These last two compounds are termed unsaturated, whereas ethane is saturated.
Thus ethane gives H3C CH2 CH3, propane; ethylene gives H 2 C:CH CH 3, propylene; and acetylene gives HC: C CH 3, allylene.
We derived this substance from ethane by introducing a meth y l group; hence it may be termed " methylethane."
In methane and ethane the hydrogen atoms are of equal value, and no matter which one may be substituted by another element or group the same compound will result.
The identity of the four valencies of the carbon atom follows from the fact that the heats of combustion of methane, ethane, propane, trimethyl methane, and tetramethyl methane, have a constant difference in the order given, viz.
Again, anode reactions, such as are observed in the electrolysis of the fatty acids, may be utilized, as, for example, when the radical CH3C02 - deposited at the anode in the electrolysis of acetic acid - is dissociated, two of the groups react to give one molecule of ethane, C 2 H 6, and two of carbon dioxide.
If a solution of potassium acetate be electrolysed the products are ethane, carbon dioxide, potash and hydrogen; in a similar manner, normal potassium succinate gives ethylene, carbon dioxide, potash and hydrogen; these reactions may be represented: CH 3 ï¿½CO 2;K CH 3 CO 2 K' CH 2 ï¿½CO 2 1K CH 2 CO 2 K' --> I + + I I -i iI + CH 3 ï¿½CO 21 K CH 3 CO 2 K' CH 2 ï¿½CO 2 iK CH 2 CO 2 K' By electrolysing a solution of potassium ethyl succinate, KO 2 Cï¿½(CH 2) 2 CO 2 C 2 H 5, the KO 2 Cï¿½ groups are split off and the two residues ï¿½(CH 2) 2 CO 2 C 2 H 5 combine to form the ester (CH2)4(C02C2H5)2.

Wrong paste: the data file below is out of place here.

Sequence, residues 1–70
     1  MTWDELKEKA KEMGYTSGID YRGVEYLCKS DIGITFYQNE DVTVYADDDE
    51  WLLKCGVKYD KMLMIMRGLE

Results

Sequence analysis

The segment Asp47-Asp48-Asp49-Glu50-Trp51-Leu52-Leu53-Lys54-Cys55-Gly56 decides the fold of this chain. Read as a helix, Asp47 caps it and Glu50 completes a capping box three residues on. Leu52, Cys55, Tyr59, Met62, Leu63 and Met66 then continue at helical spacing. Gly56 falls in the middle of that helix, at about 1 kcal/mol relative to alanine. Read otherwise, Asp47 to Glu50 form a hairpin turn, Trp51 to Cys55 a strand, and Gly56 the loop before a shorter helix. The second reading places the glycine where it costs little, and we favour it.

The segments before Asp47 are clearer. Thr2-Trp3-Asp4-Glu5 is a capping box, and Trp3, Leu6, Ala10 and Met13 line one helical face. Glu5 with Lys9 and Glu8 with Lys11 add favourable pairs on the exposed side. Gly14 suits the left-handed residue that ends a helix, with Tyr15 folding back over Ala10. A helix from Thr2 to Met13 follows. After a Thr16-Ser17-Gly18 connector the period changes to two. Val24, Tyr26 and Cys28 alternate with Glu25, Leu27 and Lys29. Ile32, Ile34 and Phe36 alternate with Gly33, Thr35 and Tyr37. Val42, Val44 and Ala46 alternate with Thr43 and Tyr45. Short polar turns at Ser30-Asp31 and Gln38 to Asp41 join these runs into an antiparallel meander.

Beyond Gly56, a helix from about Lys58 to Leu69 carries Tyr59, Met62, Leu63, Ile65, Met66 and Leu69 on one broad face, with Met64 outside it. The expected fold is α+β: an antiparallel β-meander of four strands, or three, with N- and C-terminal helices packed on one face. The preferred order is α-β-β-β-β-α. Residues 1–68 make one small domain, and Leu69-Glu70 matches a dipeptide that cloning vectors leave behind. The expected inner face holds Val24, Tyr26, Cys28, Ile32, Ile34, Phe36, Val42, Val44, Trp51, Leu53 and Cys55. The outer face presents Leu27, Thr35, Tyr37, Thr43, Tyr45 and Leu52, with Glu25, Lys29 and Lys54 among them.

Sir Edward Frankland,showed how it could be derived from, and converted into, ethane; and thus determined it to be ethane in which one hydrogen atom was replaced by a hydroxyl group. Its constitutional formula is therefore CH3ï¿½CH2.OH.
Molten copper absorbs carbon monoxide, hydrogen and sulphur dioxide; it also appears to decompose hydrocarbons (methane, ethane), absorbing the hydrogen and the carbon separating out.
Paraffins, under the influence of heat, split up into simpler members of the same series and into olefines; and if we imagine the action in its simplest form, we should have the gases, as they were evolved, consisting of (say) ethane and ethylene.
Ethane, when heated to this degree, splits up into ethylene and hydrogen, whilst ethylene decomposes to methane and acetylene, and the acetylene at once polymerizes to benzene, styrolene, retene, &c. A portion also condenses, and at the same time loses some hydrogen, becoming naphthalene; and the compounds so formed by interactions amongst themselves build up the remainder of the hydrocarbons present in the coal tar, whilst the organic substances containing oxygen in the coal break down, and cause the formation of the phenols in the tar.
The chief unsaturated hydrocarbons present in coal gas are: ethylene, C2H4, butylene, C 4 H 8, acetylene, C 2 H 2, benzene, C 6 H 61 and naphthalene,C 10 H 8, and the saturated hydrocarbons consist chieflyof methane, CH 4, and ethane, C2H6.
Ethane, C 2 H 6, in a similar manner, can only give rise to one alcohol, namely ethyl alcohol, CH 3 CH 2 OH, which is also primary.
The compounds containing this radical are treated under other headings; the hydride is better known as ethane, the alcohol, C 2 H 5 OH, is the ordinary alcohol of commerce, and the oxide (C 2 H 5) 2 O is ordinary ether.
In the difference between C - C - C - C C-C-C and With this compound C 4 H 10, named butane, C isomerism is actually observed, being limited to a pair, whereas the former members ethane, C 2 H 6, and propane, C 3 H 8, showed no isomerism.